Home of the Preseason No. 6 North Carolina State University Wolfpack
When I first looked at the AP Preseason Top 10 and saw NC State, I thought I would be writing about Reynolds Coliseum, NC State’s 14,000 seat on-campus arena, once the largest in the southeast. The gym that doubled as an armory is still around and is home to Wolfpack women’s basketball, volleyball, wrestling, gymnastics, ROTC but not men’s basketball. Too bad, as it was a great little gym with a uniquely long shape. Because of its unique use and shape, according to Hubert Davis of the rival UNC Tar Heels, the sections behind each basket, “went back as far as I’ve ever seen – the sea of red just never seemed to end.” Despite providing a unique home field advantage and having an impressive capacity for an on-campus arena, NC State officials judged it antiquated when presented with the option of playing in a modern 19,000 seat arena packed with VIP and Club suites.
In 1999, the Wolfpack men’s basketball team began playing games at PNC Arena (its fourth name in thirteen years, originally Raleigh Entertainment & Sports Arena) located three miles west of campus and adjacent to the school’s football 57,000-seat Carter-Finley Football Stadium. The idea for the move was originally proposed by Wolfpack coaching great Jim Valvano on the heels of the school’s second national championship in 1983. The plan for the new arena was solidified by the move of the Hartford Whalers National Hockey League team to Raleigh in 1997. Building a new arena for the re-named Carolina Hurricanes hockey club, NC State basketball and major concerts and shows ultimately established the state capital as a sports and entertainment hub and was an enticing option NC State could not resist.
PNC Arena was designed by Richmond-based Odell Associates, architects of the Time Warner Cable Arena in Charlotte three hours west of Raleigh. The three tiered Arena boasts 66 luxury suites, 2,000 club seats and a 500-seat restaurant. It can transform from basketball court to hockey rink to concert venue in the blink of an eye and its LED video displays that ring the upper tiers and four-sided video scoreboard hovering over center court create the illusion of excitement and dynamism.
To create a more collegiate, boisterous atmosphere temporary seats around the court – those between the hockey rink and the court – are reserved for students. Screaming students, Wolfpack mascot, flag waving cheerleaders all make the three mile journey from campus to PNC and create a good impression of a college basketball atmosphere within this professional facility.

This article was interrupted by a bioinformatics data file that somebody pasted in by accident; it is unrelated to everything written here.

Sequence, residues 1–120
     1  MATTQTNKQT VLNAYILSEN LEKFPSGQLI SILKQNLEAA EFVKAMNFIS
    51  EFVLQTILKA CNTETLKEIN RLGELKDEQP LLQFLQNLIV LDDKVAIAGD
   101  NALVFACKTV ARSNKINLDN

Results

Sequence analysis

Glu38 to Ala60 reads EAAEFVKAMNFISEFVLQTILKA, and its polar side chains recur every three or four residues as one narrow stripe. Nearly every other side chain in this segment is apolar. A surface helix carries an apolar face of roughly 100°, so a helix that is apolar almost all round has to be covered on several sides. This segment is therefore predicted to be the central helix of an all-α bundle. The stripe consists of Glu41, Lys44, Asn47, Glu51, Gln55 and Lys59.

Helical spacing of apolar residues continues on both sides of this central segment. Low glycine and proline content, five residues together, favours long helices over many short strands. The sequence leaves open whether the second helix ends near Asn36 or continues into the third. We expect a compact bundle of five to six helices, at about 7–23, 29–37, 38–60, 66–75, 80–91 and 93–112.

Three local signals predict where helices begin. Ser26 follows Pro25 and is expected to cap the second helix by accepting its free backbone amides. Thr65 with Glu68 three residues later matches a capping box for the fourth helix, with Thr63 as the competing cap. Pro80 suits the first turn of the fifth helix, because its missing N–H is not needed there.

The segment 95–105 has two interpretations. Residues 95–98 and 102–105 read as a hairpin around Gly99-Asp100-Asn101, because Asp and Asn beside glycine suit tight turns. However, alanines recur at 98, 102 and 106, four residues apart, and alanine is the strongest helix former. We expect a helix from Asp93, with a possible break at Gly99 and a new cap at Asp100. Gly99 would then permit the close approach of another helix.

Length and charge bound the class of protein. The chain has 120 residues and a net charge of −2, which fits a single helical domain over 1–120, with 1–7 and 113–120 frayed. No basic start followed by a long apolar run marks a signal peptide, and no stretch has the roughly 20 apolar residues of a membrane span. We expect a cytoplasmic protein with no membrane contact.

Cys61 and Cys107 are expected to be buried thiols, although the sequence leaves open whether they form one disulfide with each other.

NC State is always in competition with nearby Duke and the University of North Carolina, both of which play in the historically significant buildings of Cameron Indoor Stadium and the Dean Smith Center respectively. By playing in this modern, professional-standard facility NC State hopes to capitalize on its rivals being tied into their respective arenas both of which lack the modern amenities and revenue generators of PNC Arena.
As far as modern arenas go, PNC is mediocre at best. It sits within an expansive parking lot and its exterior of glass, stone panels and corporate signage scream shopping mall not university arena. PNC Arena’s suburban, commercial character would be benign enough, as there are a lot of mediocre sport facilities out there, if it weren’t for its university team as tenant. University buildings are held to a higher standard than commercial buildings because they are expected to survive a much longer time. While a typical commercial building might be designed for a thirty-to-fifty year lifespan, an academic building is meant to last one hundred. In addition, academic buildings are designed within the urban context of a campus plan and are therefore by definition more public and dynamic. PNC Arena is none of these and while it might be cash cow for the University and perhaps the noise level reached by court side student seats is satisfactory, its not up to the standard set by the Reynolds Coliseum years ago. Despite the architectural deficiencies, Mark Hatfield has NC State in position to wrestle bragging rights away from its local rivals so perhaps PNC Arena is good enough.